Therefore, the objective of this study was to evaluate the growth-promoting potential of a bacterial biomass on micropropagated plants of the banana cultivar Prata Catarina, as well as to identify the mechanisms involved in this interaction.

Material and Methods

The experiments were conducted in the year of 2015 in the Laboratories of Post-harvest Pathology, Bioprocess and under greenhouse conditions at Embrapa Agroindústria Tropical (Fortaleza, CE) (3° 45’ 1.4” S, 38° 34’ 30.9” W). The greenhouse had the following climatic variables: minimum and maximum temperatures of 27 and 40 °C, respectively, and 80% mean relative humidity.

The bacterial isolates used were RAB9 (Bacillus pumilus Meyer & Gotttheil) and E2 (Bacillus pumilus group) obtained from the Collection of Cultures of the Laboratory of Phytobacteriology of the Federal Rural University of Pernambuco. The isolates were preserved in NYD broth (dextrose 10 g L-1, yeast extract 5 g L-1, meat extract 3 g L-1 and meat peptone 5 g L-1) with 15% glycerol in an ultrafreezer (-85 °C). For activation, the isolates were transferred to NYDA medium (NYD broth with 18 g L-1 of agar) and incubated at 30 °C in a BOD incubator for 24 h. The bacterial biomass was produced in a 3 L New Brunswick model BioFlo 115 bench, with submerged fermentation and a maximum working volume of 2.2 L, containing 1 L of NYD medium. Rushton impellers with 6 flat blades were used to improve agitation of the reaction medium.

The reactor was fed by filtered compressed dry air at its inlet and outlet through filters (0.20 μm PTFE) and the flow rate used was 6 L min-1. The water for cooling was fed through a Thermo Scientific Chiller System (model Thermo Flex 1400) at 15 °C. After stabilisation of the system, the medium was aseptically inoculated via the septum with a 60 mL syringe fitted with a hypodermic needle containing 50 mL of the inoculum prepared in NYD medium and containing the isolates in the growth logarithmic phase at a concentration of 0.01 g L-1. A further 0.3% of mineral oil was added to prevent foaming. After 24 h of fermentation, the medium was centrifuged at 3500 rpm (Biofuge Stratus, with rotor 15000) for 15 min. The pellets were washed with 30 mL of distilled water and centrifuged again. They were resuspended in distilled water and the concentration of the solution was adjusted to 109CFU mL-1 (according to the McFarland scale). Tween 80 (0.05%) was added to the suspensions to avoid cell aggregation.

For growth promotion, 180 micropropagated plants of the banana cultivar Prata Catarina were used, and were supplied by Bioclone Seedling Production S.A. The plants were removed from flasks, washed, and excessive roots were cut. The plantlets were transferred to expanded 162-cell polystyrene trays containing 5 L of the planting formulation. The formulation consisted of autoclaved soil, dry coconut shell powder, and washed sand (6% HCl solution, for 36 h followed by washing with distilled water until pH = 7) in a ratio of 1:1:1 by volume, and slow-release fertiliser (5 kg m-3) (adapted from Lédo et al., 2008).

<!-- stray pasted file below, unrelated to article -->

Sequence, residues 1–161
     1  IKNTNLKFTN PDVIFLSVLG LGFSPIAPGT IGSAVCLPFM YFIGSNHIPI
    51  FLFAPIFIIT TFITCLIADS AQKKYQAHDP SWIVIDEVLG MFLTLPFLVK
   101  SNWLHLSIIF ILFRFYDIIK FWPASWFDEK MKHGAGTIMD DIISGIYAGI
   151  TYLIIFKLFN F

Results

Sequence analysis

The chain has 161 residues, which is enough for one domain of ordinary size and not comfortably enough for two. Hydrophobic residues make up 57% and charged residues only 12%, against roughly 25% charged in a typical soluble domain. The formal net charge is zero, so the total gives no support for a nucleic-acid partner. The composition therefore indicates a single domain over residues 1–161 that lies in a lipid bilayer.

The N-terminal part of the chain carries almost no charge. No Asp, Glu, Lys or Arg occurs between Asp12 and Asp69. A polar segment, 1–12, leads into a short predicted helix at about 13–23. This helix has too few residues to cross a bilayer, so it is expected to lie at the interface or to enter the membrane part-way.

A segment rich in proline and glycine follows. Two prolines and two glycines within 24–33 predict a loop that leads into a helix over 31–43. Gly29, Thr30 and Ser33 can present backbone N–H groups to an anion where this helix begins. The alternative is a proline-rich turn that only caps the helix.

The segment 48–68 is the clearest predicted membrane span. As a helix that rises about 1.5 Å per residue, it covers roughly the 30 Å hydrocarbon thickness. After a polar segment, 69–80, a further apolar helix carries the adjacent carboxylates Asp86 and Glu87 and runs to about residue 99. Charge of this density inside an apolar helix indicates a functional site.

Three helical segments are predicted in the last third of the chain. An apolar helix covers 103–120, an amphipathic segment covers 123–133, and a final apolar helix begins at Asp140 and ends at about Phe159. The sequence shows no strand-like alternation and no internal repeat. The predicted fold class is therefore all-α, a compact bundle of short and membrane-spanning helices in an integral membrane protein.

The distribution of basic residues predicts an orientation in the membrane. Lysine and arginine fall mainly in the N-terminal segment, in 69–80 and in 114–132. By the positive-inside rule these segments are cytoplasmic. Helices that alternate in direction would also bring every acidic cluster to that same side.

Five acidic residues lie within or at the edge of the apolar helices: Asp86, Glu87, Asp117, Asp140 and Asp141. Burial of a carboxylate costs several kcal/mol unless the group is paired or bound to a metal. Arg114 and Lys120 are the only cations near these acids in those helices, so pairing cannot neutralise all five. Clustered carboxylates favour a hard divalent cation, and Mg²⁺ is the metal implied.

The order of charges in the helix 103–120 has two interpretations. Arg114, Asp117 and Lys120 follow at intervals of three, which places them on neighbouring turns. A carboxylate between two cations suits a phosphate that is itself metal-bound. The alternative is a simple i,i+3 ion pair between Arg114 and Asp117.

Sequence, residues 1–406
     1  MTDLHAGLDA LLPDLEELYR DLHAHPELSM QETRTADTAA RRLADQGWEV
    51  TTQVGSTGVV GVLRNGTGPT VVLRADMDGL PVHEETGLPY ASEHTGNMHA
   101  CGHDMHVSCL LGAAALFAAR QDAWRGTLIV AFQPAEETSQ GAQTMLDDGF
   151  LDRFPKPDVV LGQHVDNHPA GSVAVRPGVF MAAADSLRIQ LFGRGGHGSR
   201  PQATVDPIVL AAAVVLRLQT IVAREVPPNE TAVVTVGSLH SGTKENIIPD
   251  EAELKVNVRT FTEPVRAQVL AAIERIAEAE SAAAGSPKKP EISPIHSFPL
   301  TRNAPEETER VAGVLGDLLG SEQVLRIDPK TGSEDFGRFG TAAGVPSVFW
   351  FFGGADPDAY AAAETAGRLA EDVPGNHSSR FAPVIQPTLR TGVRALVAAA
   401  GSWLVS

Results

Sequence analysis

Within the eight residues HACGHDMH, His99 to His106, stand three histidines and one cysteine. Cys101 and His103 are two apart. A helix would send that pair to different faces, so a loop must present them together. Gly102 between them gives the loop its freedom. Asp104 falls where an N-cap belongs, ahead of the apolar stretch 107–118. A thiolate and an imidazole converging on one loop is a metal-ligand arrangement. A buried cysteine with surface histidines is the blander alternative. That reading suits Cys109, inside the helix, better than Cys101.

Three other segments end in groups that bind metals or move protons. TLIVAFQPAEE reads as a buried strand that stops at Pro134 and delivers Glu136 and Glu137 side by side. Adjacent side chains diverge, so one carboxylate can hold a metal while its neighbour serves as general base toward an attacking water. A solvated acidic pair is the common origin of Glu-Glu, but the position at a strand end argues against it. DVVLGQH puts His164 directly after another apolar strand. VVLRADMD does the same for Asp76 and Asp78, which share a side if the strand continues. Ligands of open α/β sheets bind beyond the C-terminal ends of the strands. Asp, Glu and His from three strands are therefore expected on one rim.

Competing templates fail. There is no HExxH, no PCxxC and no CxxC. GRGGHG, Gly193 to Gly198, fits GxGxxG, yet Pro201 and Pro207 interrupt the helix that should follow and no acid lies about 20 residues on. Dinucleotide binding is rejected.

The experiments were conducted in two phases: acclimatisation in trays, and cultivation in 1.5 L plastic bags. In each experiment, the isolates were inoculated by spraying on the aerial part of the plants until the inoculum was completely drained (109 CFU mL-1). In the first experiment, the plants were evaluated 60 days after inoculum spraying in the acclimatisation phase. In the second experiment, the plants were evaluated after 60 days of acclimatisation + 60 days of cultivation in plastic bags.

The variables analysed were plant height (mm), number of leaves, leaf area (cm2), measurement of the length and width of the two largest leaves of the plant, root dry mass (g), diameter of the pseudostem (mm), and length of the root system (mm). For the plants grown in plastic bags, the survival rate was also calculated. The experimental design was in randomised blocks with the following treatments: T1: control, T2: plants treated with isolate E2, and T3: plants treated with RAB9 isolate. For the first and second experiments, 9 replicates (each replicate = one plant) and 7 replicates (each replicate = 4 plants), respectively, were used. The data were submitted to variance analysis and the means were compared by the Tukey test, at 5% probability, using SISVAR software. All data were transformed to √(x + 1).